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Mol Ther ; 19 : — Adenovirus-associated virus vector—mediated gene transfer in Hemophilia B. Comparison of adeno-associated viral vector serotypes for spinal cord and motor neuron gene delivery. Strong cortical and spinal cord transduction after AAV7 and AAV9 delivery into the cerebrospinal fluid of nonhuman primates. Intracisternal delivery of AAV9 results in oligodendrocyte and motor neuron transduction in the whole central nervous system of cats.

Gene Therapy ; 21 : — A single injection of recombinant adeno-associated virus into the lumbar cistern delivers transgene expression throughout the whole spinal cord. Mol Neurobiol ; 53 : — Efficient central nervous system AAVrhmediated intrathecal gene transfer in adult and neonate rats. Gene Therapy ; 22 : — AAV bology, infectivity and therapeutic use from bench to clinic gene therapy - principles and challenges. Chapter 5, InTech, , pp — Mol Ther Methods Clin Dev ; 2 : Front Mol Neurosci ; 8 : Kilic E , Ba M. Human synapsin 1 gene promoter confers highly neuron-specific long-term transgene expression from an adenoviral vector in the adult rat brain depending on the transduced area.

Gene Therapy ; 10 : — Widespread neuron-specific transgene expression in brain and spinal cord following synapsin promoter-driven AAV9 neonatal intracerebroventricular injection. Neurosci Lett ; : 73— McCarty DM. Self-complementary AAV vectors; advances and applications. Mol Ther ; 16 : — Characterization of genome integrity for oversized recombinant AAV vector. Mol Ther ; 18 : 87— Limitations of encapsidation of recombinant self-complementary adeno-associated viral genomes in different serotype capsids and their quantitation.

Hum Gene Ther Methods ; 23 : — Biodistribution of adeno-associated virus serotype 9 AAV9 vector after intrathecal and intravenous delivery in mouse. Front Neuroanat ; 8 : AAV9-mediated central nervous system—targeted gene delivery via cisterna magna route in mice. Mol Ther Methods Clin Dev ; 3 : Cerebellomedullary cistern delivery for AAV-based gene therapy: a technical note for nonhuman primates. Hum Gene Ther Methods ; 27 : 13— Gene Therapy ; 20 : — Ann Clin Transl Neurol ; 2 : — Translational fidelity of intrathecal delivery of self-complementary AAV9-survival motor neuron 1 for spinal muscular atrophy.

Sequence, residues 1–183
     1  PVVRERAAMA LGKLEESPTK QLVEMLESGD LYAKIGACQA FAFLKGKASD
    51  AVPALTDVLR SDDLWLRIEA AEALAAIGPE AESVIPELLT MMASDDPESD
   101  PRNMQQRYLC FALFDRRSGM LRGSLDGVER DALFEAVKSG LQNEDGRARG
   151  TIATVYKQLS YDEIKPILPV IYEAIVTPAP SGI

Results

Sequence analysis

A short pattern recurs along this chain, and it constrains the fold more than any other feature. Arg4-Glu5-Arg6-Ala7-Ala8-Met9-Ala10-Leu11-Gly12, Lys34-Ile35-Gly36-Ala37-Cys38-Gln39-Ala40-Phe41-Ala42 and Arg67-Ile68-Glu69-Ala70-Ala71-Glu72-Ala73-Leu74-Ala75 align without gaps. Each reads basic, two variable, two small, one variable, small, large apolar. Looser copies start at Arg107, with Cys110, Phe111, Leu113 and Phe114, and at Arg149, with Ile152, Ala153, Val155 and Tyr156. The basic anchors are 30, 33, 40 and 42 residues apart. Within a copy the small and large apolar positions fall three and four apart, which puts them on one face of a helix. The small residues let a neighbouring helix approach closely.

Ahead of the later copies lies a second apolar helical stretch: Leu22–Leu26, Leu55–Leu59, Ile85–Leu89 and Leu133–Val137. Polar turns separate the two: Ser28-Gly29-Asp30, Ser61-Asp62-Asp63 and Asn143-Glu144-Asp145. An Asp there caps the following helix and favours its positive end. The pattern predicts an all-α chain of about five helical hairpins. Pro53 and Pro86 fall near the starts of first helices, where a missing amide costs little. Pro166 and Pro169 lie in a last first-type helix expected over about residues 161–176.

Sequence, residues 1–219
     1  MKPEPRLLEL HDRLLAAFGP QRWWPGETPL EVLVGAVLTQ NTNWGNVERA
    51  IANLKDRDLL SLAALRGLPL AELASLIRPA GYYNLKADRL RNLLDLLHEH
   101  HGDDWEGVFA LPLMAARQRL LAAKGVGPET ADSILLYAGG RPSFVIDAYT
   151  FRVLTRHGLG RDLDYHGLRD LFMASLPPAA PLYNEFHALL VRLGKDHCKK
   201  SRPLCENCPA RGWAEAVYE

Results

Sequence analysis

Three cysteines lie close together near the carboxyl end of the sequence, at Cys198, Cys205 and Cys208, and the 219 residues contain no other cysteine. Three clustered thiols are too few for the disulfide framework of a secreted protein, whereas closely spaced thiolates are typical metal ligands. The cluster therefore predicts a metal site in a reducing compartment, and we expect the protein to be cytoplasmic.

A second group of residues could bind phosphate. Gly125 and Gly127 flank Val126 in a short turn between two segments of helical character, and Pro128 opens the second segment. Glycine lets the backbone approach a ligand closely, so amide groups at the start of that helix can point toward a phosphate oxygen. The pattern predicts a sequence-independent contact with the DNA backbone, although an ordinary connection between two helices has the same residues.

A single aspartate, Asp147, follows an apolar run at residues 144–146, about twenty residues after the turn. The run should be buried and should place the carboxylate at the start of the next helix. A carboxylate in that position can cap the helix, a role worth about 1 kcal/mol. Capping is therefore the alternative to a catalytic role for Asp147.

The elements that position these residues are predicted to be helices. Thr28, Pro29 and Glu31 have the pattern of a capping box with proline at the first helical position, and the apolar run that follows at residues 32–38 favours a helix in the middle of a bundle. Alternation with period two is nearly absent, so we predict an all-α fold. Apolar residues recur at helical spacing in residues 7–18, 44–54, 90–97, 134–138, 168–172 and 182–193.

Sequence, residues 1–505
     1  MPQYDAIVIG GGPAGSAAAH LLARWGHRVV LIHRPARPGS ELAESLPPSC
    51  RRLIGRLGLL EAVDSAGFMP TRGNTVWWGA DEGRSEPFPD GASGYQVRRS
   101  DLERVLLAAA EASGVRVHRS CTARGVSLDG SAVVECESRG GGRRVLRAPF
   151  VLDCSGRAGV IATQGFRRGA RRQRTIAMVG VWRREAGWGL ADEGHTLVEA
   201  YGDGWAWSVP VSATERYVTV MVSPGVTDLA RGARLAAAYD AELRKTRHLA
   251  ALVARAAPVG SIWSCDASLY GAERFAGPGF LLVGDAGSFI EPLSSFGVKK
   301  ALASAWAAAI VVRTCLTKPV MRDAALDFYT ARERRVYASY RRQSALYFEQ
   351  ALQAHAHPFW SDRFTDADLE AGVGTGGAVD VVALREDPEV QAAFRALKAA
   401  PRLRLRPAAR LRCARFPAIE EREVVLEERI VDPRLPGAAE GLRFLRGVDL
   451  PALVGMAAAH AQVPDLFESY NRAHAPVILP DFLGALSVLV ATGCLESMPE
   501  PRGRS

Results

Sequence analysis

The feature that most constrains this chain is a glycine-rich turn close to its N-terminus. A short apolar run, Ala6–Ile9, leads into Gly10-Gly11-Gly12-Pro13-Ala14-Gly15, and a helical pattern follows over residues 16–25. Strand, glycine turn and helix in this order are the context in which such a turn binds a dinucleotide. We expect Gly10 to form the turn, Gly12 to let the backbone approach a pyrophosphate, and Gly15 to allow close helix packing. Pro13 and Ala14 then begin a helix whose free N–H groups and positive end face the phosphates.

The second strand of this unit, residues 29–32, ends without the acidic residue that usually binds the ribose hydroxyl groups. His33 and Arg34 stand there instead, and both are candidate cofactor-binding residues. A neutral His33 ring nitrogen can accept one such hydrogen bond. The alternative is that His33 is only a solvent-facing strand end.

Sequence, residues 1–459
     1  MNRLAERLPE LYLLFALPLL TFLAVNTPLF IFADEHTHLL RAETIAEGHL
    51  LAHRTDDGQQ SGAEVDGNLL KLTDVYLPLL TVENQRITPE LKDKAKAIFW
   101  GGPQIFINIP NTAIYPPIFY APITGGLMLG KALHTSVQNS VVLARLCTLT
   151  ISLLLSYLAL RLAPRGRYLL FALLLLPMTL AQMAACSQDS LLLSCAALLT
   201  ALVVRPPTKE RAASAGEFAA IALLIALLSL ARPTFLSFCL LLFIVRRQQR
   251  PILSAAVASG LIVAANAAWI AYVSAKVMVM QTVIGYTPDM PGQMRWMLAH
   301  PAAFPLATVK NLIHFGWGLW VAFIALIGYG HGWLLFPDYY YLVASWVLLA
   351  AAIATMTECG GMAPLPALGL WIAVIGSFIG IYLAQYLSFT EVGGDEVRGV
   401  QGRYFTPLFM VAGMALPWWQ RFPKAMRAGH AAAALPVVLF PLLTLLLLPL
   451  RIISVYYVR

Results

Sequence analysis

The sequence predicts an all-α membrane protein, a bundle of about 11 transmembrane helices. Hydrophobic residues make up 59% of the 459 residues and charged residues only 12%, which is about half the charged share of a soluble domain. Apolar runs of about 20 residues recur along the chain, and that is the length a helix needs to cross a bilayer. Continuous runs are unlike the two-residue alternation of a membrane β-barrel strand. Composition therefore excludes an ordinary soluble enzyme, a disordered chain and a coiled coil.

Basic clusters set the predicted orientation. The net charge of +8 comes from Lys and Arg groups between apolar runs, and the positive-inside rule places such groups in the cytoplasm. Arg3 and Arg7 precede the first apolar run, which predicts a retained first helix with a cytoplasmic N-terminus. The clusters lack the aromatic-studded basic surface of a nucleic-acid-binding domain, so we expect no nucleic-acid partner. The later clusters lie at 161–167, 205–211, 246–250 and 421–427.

Hum Gene Ther ; 12 : 1— Widespread and efficient transduction of spinal cord and brain following neonatal AAV injection and potential disease modifying effect in ALS mice. Mol Ther ; 23 : 53— Widespread gene transfer in the central nervous system of cynomolgus macaques following delivery of AAV9 into the cisterna magna. Mol Ther Methods Clin Dev ; 1 : Factors to consider in the choice of intrathecal drug in the treatment of neuropathic pain.

Expert Review of Clinical Pharmacology ; 8 : — Managing intrathecal drug delivery ITDD in cancer patients. Curr Pain Headache Rep ; 19 : AAV9-mediated expression of a non-self protein in nonhuman primate central nervous system triggers widespread neuroinflammation driven by antigen-presenting cell transduction.

Mol Ther ; 22 : — Anatomy and physiology of cerebrospinal fluid. Pompe disease: from pathophysiology to therapy and back again. Front Aging Neurosci ; 6 : Spinal muscular atrophy: a motor neuron disorder or a multi-organ disease? J Anat ; : 15— Benefits of neuronal preferential systemic gene therapy for neurotransmitter deficiency. Mol Ther ; 23 : — Synapsin I is expressed in epithelial cells : localization to a unique trans -Golgi compartment.

J Cell Sci ; : — Mol Pain ; 5 : The established and emerging roles of astrocytes and microglia in amyotrophic lateral sclerosis and frontotemporal dementia. Front Cell Neurosci ; 9 : Intracerebral gene therapy using AAVrh. Hum Gene Ther Clin Dev ; 26 : — J Neurosci Res ; : — Cross-packaging of a single adeno-associated virus AAV type 2 vector genome into multiple AAV serotypes enables transduction with broad specificity.

One such cell line, human embryonic kidney cells, were transformed into an immortal line using the adenoviral E1 region. Deleting the genetic information from the adenoviral genome within this and other regions provides space within the virus to accompany more than 10 kilobases of foreign genetic material. To express RNA and protein from the foreign complementary DNA transferred into a cell, several key elements must be designed into the vector to produce an expression cassette.

These include a promoter, an intron, and a polyadenylation signal sequence. This continues until the polymerase reaches a stop signal located on the far side of the coding region within the polyadenylation signal sequence. At the stop site, the polymerase releases from the DNA and the messenger RNA is further processed with the establishment of a polyadenosine tail. There are several different types of promoters, and promoter selection is important in directing the conditions of expression within selective cell types.